Raptors fire back at New York Knicks as lawsuit saga continues

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Losers on the court to the New York Knicks on Monday night, the Toronto Raptors also took some legal shots at their division rival that night, according to reports.

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The Raptors and Knicks have been embroiled in a bizarre legal fight for months now over the alleged theft of confidential information when a former Knicks employee took a job with Toronto. It was Toronto’s turn to respond on Monday and that they did.

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The Raptors said in a court filing the Knicks are dragging out the case “as long as possible because this lawsuit attracts publicity and is directed at harming the Raptors, its head coach and members of his staff,” ESPN reported Monday night.

ESPN also said the filing strongly supported Raptors head coach Darko Rajakovic and played down New York’s entire case, saying Rajakovic never even accessed any of the files in question. The Knicks had oddly framed Rajakovic in the lawsuit, labelling him a “novice” head coach and painting him as someone without a clue in his new post that needed the files.

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Clearly the Raptors took issue with that and more. They added in this filing they reserved the right to pursue legal action against the Knicks for defamatory public statements, including accusing them of committing “clear violation of criminal and civil law,” according to ESPN.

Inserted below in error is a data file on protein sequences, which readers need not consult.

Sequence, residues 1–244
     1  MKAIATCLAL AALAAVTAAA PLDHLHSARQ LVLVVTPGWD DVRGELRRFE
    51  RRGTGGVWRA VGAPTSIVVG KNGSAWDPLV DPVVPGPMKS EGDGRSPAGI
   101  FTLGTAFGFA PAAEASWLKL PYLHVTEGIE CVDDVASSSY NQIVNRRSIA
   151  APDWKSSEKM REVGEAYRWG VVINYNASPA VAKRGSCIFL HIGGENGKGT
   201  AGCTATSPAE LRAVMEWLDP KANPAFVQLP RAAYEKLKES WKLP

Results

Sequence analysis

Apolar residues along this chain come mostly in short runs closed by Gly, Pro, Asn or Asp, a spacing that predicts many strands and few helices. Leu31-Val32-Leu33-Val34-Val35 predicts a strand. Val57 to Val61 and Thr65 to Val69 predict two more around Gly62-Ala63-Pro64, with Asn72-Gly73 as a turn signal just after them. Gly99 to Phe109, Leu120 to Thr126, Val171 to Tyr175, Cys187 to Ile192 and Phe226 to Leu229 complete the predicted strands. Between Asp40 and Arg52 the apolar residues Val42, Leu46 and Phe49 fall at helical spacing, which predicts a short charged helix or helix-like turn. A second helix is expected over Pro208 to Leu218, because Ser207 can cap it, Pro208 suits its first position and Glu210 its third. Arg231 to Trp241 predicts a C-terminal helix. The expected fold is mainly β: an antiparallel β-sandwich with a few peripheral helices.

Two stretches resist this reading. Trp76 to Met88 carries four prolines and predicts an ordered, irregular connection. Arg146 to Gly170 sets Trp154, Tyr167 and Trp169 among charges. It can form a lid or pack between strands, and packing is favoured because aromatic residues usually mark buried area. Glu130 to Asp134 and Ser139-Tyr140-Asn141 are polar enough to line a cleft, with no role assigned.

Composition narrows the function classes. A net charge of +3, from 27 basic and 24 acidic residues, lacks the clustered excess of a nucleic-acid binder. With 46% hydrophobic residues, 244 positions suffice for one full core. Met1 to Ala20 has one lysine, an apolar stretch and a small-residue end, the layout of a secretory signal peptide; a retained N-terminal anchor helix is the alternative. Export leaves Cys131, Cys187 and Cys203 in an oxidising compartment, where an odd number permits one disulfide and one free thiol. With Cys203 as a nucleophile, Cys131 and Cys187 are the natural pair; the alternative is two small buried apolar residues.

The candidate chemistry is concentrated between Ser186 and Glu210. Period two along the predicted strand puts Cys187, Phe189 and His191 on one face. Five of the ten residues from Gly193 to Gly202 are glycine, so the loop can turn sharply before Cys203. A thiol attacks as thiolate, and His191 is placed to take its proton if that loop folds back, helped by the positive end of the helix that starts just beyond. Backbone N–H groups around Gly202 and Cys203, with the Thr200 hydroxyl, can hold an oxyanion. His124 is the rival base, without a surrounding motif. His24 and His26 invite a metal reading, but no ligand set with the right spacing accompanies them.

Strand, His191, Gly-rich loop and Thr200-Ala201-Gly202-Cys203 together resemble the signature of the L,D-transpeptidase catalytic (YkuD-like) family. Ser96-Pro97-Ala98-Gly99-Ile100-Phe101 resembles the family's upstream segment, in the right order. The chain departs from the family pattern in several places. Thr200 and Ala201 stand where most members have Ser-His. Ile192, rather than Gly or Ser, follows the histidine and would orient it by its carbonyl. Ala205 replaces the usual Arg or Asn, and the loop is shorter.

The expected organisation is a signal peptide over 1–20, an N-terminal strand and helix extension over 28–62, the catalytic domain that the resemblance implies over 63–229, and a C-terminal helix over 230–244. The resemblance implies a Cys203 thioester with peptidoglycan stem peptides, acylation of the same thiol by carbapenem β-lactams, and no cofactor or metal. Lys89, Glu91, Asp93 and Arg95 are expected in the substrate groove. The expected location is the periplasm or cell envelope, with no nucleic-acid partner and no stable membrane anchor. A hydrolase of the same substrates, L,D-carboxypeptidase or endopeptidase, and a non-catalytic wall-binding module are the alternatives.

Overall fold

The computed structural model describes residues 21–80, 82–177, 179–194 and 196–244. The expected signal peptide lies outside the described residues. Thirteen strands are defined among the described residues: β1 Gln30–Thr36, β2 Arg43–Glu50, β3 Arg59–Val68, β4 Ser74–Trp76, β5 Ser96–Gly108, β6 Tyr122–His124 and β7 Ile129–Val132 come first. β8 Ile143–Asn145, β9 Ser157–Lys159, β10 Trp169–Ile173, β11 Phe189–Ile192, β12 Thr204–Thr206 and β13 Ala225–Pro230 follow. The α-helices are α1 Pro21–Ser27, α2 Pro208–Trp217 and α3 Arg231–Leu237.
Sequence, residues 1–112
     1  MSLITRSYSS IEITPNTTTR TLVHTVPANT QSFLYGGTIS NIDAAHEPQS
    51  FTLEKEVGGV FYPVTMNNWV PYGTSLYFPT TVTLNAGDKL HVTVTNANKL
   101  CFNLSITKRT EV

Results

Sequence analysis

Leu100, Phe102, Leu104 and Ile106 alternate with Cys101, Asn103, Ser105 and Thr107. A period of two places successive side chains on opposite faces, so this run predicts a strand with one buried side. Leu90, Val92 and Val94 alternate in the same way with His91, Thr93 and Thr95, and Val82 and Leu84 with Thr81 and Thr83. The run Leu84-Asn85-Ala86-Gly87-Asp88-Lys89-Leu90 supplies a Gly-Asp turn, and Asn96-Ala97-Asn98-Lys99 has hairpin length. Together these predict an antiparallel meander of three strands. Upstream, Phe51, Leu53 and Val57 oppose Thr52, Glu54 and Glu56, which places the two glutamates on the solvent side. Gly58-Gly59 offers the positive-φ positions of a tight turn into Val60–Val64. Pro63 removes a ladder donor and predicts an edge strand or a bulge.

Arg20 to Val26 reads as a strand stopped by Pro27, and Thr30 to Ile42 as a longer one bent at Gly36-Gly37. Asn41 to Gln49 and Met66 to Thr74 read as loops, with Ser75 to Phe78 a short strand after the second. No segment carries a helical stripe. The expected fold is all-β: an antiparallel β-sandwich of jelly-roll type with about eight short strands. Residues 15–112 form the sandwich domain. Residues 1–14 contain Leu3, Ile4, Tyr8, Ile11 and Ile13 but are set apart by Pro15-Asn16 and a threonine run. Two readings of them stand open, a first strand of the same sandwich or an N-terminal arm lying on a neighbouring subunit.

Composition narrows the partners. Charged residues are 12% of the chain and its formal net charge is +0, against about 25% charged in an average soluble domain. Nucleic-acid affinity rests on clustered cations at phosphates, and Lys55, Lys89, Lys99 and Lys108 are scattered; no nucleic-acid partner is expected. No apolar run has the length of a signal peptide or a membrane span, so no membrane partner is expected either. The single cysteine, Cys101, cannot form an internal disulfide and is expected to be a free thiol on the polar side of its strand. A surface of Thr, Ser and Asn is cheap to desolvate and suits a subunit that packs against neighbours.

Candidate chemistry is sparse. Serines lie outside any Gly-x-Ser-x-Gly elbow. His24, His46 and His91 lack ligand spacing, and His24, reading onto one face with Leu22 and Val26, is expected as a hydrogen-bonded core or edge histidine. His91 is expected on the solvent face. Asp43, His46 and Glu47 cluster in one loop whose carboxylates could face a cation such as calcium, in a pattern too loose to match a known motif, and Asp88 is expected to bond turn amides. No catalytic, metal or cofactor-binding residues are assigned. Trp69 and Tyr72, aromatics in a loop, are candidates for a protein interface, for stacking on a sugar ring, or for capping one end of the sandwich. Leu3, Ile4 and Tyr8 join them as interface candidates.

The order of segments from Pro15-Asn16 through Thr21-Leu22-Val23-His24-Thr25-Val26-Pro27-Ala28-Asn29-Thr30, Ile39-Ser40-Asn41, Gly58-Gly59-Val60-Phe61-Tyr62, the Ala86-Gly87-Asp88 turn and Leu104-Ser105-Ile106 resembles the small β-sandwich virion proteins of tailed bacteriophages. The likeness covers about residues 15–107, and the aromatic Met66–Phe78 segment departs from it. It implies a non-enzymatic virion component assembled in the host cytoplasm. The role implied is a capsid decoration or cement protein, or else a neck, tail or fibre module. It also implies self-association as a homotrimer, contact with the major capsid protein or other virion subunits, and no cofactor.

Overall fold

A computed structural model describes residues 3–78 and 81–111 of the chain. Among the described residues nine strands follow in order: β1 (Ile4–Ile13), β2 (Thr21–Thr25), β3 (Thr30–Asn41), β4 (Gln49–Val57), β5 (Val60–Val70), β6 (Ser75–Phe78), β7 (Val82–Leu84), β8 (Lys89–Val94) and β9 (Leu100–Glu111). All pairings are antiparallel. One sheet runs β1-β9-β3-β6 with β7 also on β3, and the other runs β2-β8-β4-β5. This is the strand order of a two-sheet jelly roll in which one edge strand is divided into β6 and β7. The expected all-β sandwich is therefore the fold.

“The Knicks’ allegation of a sweeping conspiracy among Defendants to steal the Knicks’ proprietary trade secrets is false,” the Raptors wrote in the filing, per ESPN. “Coach Rajakovic — with nearly 15 years’ experience as a head coach overseas and in the NBA’s G-League and another decade as an assistant coach in the NBA — never needed, wanted, or saw a single piece of Knicks’ proprietary information. Nor did (Ike) Azotam ever share any proprietary Knicks information. The Knicks would have learned this if had they accepted the Raptors’ offer to cooperate in an investigation instead of immediately filing this suit.”

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The report also said the Raptors again asked the U.S. District Court in Manhattan to let Adam Silver, the NBA commissioner, arbitrate the case and make a ruling. New York has strongly opposed this and even alleged in a Nov. 20 filing that Silver was biased because of his close relationship with Maple Leaf Sports and Entertainment, Ltd. co-owner Larry Tanenbaum and could not be involved because they were seeking more than $10 million US from the Raptors in damages, with the NBA’s constitution limiting awards to that number.

The Raptors countered that claim in Monday’s filing, saying, according to ESPN: “The NBA commissioner is not biased and he is the best person to adjudicate this dispute because of his ability to identify what, if any, information is confidential and proprietary such that its misuse may harm a Member like the Knicks.